Training the Palate

February 5, 2004

Greetings My Friend,

One of the goals we have here at the village is to train the children’s palate’s to enjoy a variety of foods.  In their culture, there are several staple foods, but beyond that many never have the opportunity to explore.   In the dining hall, the lunch meal consists of national food that the mamas and children really enjoy.  When posho (like very stiff grits) is served, the mamas smile and say it will make a good nap for the cottages.

DSC00362 (Small) Trying to plan menus that are filling, healthy and enjoyable has presented us with somewhat of a challenge. Carolyn was very excited recently because she had figured out a way to make macaroni and cheese to be served at our evening meal.  The cooks did a great job of preparing it and we expected everyone to really enjoy this new treat–after all, who doesn’t like macaroni and cheese?  DSC00361 (Small)

Well, we heard nothing about the new dish from the mamas or from the children.  A few days later I was hauling some of the aunties who work during the day helping the mamas back to their village.  On the ride, I asked, “How did you and the children enjoy the macaroni and cheese?”  There was not an immediate response so I turned to Auntie Janet and asked her again.  You need to know that Ugandans are always eager to be polite and to please, so Janet turned to me with a big smile and a lift in her voice,  “Oh JjaJa, I think we have enjoyed it very much, only one has vomited!”  I thought I would never stop laughing at that and I almost ran the Prado up the side of a bank before I regained control.   Now, when Yoweri finds out that we are having macaroni he whines, “JjaJa, not the maca-ronees!”DSC00614 (Small) (2)

Well, I dropped Janet off at her place and proceeded to take another helper to her home.  As we traveled she said, “JjaJa, I am wondering if you would give me the advice (pronounced add-vice)?”  DSC01113 (Small)That was her way of saying, I want to speak to you privately for counsel.  I told her that I was willing to help if I could.  She is a precious friend and I have come to love her dearly.  She shared with me that her husband who had abandoned the family about six months ago, had returned the night before.  She said he was very apologetic and asked for forgiveness for wanting to flee from the crushing that poverty had made to his sense of manhood.  He despaired when daily faced with his inability to raise school fees for his children or to feed them adequately.  He felt trapped and unable to break out of the hopeless circumstance.  The pressure to provide when it was impossible to find a job took its toll and he ran. During all the months he was gone, Pastor Fred and his wife Susan stepped in and provided for this family.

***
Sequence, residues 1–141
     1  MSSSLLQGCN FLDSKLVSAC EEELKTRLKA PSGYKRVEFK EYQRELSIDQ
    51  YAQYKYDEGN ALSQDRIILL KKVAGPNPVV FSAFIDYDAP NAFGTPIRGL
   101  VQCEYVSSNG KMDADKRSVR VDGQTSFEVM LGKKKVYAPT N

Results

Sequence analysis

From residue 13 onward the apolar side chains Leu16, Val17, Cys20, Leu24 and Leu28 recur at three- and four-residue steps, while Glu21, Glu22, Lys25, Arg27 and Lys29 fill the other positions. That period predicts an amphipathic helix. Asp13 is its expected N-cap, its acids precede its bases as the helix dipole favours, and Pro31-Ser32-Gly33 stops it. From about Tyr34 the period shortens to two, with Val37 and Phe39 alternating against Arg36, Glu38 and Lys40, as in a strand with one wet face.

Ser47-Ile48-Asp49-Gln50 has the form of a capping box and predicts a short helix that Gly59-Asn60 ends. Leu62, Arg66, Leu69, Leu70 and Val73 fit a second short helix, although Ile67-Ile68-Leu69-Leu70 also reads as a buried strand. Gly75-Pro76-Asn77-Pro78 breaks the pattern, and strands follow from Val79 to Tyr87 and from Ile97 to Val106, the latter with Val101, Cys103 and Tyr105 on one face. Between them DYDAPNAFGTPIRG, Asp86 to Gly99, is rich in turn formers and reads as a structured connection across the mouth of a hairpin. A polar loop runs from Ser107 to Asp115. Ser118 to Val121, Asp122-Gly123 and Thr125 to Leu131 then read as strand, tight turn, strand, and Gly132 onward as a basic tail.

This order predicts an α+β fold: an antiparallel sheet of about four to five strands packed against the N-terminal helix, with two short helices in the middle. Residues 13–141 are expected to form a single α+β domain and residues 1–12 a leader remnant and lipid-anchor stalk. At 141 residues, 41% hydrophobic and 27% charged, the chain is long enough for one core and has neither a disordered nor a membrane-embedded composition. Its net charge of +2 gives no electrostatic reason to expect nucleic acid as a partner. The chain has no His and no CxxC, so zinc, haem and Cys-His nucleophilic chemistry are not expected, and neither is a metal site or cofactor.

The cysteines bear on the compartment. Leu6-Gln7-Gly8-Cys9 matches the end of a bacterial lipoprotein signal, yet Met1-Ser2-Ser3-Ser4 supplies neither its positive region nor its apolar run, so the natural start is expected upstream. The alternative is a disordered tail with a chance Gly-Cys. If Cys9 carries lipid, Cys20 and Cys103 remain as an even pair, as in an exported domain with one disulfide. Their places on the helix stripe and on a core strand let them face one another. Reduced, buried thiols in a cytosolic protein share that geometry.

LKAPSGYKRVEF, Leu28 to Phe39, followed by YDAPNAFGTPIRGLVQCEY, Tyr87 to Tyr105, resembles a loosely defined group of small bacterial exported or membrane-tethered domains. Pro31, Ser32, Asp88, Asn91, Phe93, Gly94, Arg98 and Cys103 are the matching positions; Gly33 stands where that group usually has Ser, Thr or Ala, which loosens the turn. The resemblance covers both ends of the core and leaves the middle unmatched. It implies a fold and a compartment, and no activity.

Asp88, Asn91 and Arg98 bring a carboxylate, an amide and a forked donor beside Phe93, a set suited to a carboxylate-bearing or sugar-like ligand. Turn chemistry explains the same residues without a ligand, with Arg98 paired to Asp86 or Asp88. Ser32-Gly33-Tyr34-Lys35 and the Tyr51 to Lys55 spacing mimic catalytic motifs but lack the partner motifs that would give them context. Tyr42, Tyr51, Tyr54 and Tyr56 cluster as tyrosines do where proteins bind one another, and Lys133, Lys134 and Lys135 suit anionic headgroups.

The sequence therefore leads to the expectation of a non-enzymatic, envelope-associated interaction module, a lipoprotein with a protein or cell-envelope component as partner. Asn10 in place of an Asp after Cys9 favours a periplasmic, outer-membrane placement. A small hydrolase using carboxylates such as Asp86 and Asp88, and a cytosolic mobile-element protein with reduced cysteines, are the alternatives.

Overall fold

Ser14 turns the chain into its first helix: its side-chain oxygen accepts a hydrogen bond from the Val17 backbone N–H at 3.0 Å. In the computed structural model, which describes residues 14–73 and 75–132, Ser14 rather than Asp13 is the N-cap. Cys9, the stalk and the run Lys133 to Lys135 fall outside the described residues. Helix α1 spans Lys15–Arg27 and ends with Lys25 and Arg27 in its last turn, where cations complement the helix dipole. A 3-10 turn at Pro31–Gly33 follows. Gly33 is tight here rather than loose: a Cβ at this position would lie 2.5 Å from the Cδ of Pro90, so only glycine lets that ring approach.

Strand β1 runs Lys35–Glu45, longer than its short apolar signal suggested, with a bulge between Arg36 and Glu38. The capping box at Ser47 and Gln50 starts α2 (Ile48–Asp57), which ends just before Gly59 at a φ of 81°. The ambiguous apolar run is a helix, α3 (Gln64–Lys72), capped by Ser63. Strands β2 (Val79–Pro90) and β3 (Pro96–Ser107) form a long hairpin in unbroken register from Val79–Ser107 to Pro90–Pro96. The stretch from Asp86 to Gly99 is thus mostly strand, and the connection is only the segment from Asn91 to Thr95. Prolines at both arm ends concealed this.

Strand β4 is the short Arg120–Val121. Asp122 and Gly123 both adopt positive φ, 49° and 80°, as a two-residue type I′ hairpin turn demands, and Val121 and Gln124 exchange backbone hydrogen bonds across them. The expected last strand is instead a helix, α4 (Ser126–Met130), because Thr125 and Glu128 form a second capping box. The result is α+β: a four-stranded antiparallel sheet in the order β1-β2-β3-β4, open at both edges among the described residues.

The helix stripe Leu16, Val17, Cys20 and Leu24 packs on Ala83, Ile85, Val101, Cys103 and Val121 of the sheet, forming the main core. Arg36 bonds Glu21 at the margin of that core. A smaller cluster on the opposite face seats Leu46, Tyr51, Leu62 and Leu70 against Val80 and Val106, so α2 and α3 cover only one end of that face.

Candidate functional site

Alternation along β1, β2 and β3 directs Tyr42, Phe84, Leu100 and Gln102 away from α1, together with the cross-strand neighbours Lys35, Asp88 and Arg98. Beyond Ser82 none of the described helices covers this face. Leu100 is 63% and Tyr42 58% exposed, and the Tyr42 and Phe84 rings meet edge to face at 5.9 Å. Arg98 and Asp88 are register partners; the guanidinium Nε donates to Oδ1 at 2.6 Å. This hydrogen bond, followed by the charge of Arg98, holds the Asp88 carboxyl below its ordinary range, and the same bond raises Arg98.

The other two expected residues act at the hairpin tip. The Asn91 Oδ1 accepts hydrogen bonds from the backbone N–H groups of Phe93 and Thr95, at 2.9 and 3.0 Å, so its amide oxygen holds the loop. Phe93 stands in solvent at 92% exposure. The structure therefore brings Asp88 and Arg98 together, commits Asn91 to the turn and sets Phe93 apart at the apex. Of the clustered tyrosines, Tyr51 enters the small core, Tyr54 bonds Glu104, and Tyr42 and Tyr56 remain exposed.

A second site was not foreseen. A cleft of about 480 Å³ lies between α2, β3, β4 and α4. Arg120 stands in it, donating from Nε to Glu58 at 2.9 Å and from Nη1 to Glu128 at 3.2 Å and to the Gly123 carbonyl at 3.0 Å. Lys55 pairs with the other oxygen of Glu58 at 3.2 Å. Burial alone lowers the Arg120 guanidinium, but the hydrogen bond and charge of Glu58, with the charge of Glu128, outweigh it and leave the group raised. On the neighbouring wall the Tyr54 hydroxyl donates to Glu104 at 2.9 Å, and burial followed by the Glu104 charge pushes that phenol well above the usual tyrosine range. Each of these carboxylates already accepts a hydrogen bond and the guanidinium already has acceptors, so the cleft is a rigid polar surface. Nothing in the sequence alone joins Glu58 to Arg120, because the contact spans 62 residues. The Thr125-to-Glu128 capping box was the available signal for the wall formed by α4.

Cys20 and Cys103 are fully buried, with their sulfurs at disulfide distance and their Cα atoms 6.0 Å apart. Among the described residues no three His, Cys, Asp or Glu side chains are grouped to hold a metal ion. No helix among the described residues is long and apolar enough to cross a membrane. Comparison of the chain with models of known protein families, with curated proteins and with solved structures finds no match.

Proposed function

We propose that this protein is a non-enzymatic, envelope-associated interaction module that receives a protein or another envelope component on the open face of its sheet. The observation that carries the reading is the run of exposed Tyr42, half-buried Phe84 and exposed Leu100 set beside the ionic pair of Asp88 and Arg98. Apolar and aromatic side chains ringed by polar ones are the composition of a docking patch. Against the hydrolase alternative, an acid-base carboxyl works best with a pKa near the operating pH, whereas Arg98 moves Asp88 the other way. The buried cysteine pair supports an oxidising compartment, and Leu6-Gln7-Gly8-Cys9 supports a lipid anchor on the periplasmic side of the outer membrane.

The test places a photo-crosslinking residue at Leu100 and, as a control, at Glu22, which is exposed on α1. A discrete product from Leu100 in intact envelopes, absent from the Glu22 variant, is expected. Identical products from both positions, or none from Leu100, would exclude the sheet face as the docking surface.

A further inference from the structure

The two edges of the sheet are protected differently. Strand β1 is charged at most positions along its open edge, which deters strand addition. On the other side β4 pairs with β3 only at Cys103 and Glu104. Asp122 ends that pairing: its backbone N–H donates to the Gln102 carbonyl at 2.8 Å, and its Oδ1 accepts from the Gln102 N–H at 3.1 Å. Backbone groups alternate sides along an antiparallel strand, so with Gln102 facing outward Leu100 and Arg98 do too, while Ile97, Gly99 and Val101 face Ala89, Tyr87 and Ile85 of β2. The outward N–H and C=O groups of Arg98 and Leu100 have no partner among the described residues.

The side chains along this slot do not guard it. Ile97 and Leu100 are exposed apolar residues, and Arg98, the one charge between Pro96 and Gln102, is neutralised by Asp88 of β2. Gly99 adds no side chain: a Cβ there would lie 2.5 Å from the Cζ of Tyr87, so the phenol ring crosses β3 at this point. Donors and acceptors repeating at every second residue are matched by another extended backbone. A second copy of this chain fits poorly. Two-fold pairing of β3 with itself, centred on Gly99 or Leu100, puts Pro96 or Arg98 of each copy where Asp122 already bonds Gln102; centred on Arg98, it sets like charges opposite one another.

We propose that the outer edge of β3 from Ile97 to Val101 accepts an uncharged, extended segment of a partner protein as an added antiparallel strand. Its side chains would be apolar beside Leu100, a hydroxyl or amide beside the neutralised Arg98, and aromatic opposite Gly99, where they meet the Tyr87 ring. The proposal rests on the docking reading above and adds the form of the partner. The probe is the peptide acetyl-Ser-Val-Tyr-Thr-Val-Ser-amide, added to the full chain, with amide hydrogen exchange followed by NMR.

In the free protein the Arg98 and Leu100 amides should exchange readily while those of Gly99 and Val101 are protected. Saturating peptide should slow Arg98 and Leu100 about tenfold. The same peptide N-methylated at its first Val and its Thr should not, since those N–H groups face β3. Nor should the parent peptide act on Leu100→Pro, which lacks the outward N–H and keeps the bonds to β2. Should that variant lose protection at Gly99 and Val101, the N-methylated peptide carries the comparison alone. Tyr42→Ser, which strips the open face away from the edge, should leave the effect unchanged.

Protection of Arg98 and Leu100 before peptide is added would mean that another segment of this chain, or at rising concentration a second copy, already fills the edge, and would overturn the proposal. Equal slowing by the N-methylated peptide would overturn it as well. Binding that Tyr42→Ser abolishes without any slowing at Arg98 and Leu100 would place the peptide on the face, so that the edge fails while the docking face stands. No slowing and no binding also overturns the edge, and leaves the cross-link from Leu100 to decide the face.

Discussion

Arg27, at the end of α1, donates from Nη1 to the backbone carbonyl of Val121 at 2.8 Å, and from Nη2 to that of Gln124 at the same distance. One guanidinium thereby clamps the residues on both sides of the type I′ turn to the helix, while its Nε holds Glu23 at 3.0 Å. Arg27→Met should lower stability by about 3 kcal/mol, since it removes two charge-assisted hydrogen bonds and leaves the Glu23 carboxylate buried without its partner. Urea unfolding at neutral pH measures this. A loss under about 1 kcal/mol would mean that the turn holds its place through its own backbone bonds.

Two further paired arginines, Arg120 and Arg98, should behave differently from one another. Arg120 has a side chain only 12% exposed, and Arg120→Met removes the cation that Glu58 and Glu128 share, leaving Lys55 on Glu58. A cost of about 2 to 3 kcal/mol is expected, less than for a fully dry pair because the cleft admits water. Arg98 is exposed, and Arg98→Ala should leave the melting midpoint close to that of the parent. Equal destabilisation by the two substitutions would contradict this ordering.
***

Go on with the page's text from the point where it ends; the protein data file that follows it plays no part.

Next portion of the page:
DSC02371 (Small)Now it seems, he is ready to return home and she is more than willing to receive him.  Her dilemma was that he wanted to resume physical intimacy with her.  She remembered talks that Pastor’s wife had given about the way HIV is spread, so she had refused him and explained to him that she was not going to allow that until he had had a blood test to determine his status. She asked me if it was true that the virus could be passed between husband and wife that way.  I told her that Susan had given her true advice and that she had done the right thing. Her husband proclaimed his fidelity and said there had been no women in the six months, but this dear woman bravely resisted.  Jane, she was thinking rightly but the truth is she has no resources to carry out this plan.  Like everyone here, she struggles financially–there is never enough money to cover just the bare bones basics of life.  Her sons and daughters have not been able to attend secondary school this semester because she has no money for school fees.  When I dropped her off earlier this week, there was no food in the home.  I stupidly asked why she didn’t get fresh vegetables since they are so plentiful and cheap.  She responded,  “JjaJa, what difference does it make what the price is if I have no money at all?”    She added, “JjaJa, a meal of eggplant and tomatoes does not fill a hungry stomach through the night and day.”  The custom here is to drink a cup of chai in the morning and wait until very late in the evening to eat one meal that will hold you through the night and next day.  DSC01128 (Small)